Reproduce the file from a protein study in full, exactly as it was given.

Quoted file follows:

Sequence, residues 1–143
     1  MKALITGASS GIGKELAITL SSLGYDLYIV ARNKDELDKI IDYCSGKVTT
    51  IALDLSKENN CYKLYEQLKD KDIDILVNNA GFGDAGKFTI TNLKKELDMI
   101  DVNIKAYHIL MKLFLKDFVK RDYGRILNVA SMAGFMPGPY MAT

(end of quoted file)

Sequence, residues 1–143
     1  MKALITGASS GIGKELAITL SSLGYDLYIV ARNKDELDKI IDYCSGKVTT
    51  IALDLSKENN CYKLYEQLKD KDIDILVNNA GFGDAGKFTI TNLKKELDMI
   101  DVNIKAYHIL MKLFLKDFVK RDYGRILNVA SMAGFMPGPY MAT